Analysing the most recent set of survey results identified one critical usability defect – in that people didn’t immediately spot that there was more than one dashboard! This was due in part to a feature in Tableau beyond my control – the lack of visibility of the dashboard tabs! I quickly built in a couple of fixes: I (re)introduced a navigation page (last seen in an iteration in June, but which got disposed of at the last minute), and by changing the background colour of the page where the vis is embedded to black to make the tabs stick out more. There were other defects raised – these have been logged & will be written up in the report, and hopefully remedied once the documentation is completed & the EMA submitted.
I’ve also been evaluating whether the project has been a success. As part of this, I’ve used the two sets of survey results to compare how users feel about the existing OU results vs. how they feel about what the project has delivered. Based on a neat Tableau dashboard I found here: http://www.datarevelations.com/likert-scales-the-final-word.html, I have created this comparison between the two surveys:
I think it shows quite clearly that people are happier with the new solution. 🙂
This is the bit where I get to find out if the project has actually achieved the objective of making the OU Results easier to understand and of more use to OU students. I’ve created a survey, based around the previous one, to see if the scores on the doors have improved since the last one. By the end of today, I should have enough responses to evidence my conclusion, as it makes its way around the OU Facebook groups…
In the meantime, I’m going to dig out the heuristic evaluation stuff from M364 and evaluate myself!
Then it’s merely the EMA left to write.
I’ve had my head down to try to complete the solution to allow enough time for the EMA write-up. I’m now happy that it’s in a fit state for the final evaluations! My latest piece of work has been the home page, which provides and overview of and context to the project, explanations, and navigation.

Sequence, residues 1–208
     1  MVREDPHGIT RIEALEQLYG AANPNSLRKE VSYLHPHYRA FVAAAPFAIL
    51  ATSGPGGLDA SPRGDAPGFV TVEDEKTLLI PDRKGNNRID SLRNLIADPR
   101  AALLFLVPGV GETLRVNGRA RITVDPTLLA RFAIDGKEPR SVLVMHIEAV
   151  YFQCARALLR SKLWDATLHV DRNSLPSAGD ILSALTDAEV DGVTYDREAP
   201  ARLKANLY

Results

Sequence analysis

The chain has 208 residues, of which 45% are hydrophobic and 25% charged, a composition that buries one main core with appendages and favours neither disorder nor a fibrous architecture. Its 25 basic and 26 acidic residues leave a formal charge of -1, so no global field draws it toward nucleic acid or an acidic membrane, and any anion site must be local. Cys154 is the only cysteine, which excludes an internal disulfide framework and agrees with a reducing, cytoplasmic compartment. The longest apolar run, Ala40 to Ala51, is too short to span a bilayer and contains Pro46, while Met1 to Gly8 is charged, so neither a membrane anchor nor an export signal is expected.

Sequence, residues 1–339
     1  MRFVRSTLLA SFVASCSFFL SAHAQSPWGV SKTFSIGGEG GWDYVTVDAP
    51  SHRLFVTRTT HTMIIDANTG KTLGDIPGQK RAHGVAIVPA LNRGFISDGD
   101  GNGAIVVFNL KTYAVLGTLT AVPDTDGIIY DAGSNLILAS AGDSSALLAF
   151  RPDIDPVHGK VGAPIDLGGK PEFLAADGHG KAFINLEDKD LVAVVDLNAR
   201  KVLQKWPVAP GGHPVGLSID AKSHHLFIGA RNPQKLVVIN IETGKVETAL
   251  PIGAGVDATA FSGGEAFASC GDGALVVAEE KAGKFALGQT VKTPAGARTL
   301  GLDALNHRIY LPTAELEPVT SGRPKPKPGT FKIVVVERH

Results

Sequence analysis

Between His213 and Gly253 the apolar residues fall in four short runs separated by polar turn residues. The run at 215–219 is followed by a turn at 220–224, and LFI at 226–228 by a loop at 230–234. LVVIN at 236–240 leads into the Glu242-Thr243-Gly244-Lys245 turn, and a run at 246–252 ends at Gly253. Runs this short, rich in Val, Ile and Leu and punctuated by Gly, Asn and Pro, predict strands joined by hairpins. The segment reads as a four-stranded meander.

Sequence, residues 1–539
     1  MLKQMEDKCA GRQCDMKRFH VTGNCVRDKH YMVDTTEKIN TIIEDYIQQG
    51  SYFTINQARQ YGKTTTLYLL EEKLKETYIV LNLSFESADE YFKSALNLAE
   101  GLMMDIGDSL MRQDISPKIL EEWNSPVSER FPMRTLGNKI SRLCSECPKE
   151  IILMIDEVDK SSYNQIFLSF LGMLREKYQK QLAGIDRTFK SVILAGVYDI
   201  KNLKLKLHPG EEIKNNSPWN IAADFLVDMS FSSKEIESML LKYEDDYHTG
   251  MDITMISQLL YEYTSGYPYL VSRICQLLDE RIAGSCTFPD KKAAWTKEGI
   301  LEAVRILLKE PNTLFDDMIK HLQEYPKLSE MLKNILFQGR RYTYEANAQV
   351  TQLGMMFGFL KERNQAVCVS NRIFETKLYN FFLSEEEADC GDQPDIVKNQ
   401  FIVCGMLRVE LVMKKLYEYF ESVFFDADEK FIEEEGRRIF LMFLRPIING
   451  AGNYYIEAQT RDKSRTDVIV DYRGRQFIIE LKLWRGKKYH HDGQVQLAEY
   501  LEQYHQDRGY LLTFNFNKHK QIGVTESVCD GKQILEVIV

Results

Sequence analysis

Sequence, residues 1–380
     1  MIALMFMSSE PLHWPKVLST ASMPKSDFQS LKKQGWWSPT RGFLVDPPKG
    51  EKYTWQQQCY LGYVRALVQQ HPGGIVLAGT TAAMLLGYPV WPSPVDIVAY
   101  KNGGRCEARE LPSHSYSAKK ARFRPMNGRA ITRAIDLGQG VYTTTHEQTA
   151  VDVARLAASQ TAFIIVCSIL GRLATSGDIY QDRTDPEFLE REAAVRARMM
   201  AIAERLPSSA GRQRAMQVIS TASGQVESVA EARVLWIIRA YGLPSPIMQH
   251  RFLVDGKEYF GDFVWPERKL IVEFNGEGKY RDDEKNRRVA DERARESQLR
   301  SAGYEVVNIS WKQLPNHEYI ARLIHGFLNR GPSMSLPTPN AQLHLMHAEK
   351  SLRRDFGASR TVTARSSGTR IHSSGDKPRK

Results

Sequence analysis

(Updated 13 Aug to take out embedded lost viz & link to website instead)
It’s with mixed feelings that I enter the final straight of the project. I just got my result on M364, and just missed out on a Distinction. If I’ve learnt one thing from my OU study, it’s that I don’t get on with exams! And if I’ve learned one other thing from this project work, it’s that I’ve picked a set of modules that have fewer than average students getting that elusive grade 1 pass.
My TMA03 has already been marked & returned. Despite last minute doubts and confusion over ambiguous instructions, it seemed to go down well. As I’ve previously said, it’s a funny old module. *shrug*
So, this is a good point to start building the actual interface. Naturally, it’s bigger that the prototype visualisations embedded in the blog, so there’s a new link to the new visualisations:
I’ll continue to update progress here.
(p.s. Lots of bits don’t work yet!)
Updated: Publishing the visualisations is much easier in the blog, so I’ve changed the theme to allow full size pages which will allow me to continue to embed them in these pages.
Updated again: The new theme added annoying scrollbars to the old visualisations, so I’ve gone back to an old theme. I’ll leave this viz here for the time being, even though it doesn’t look great.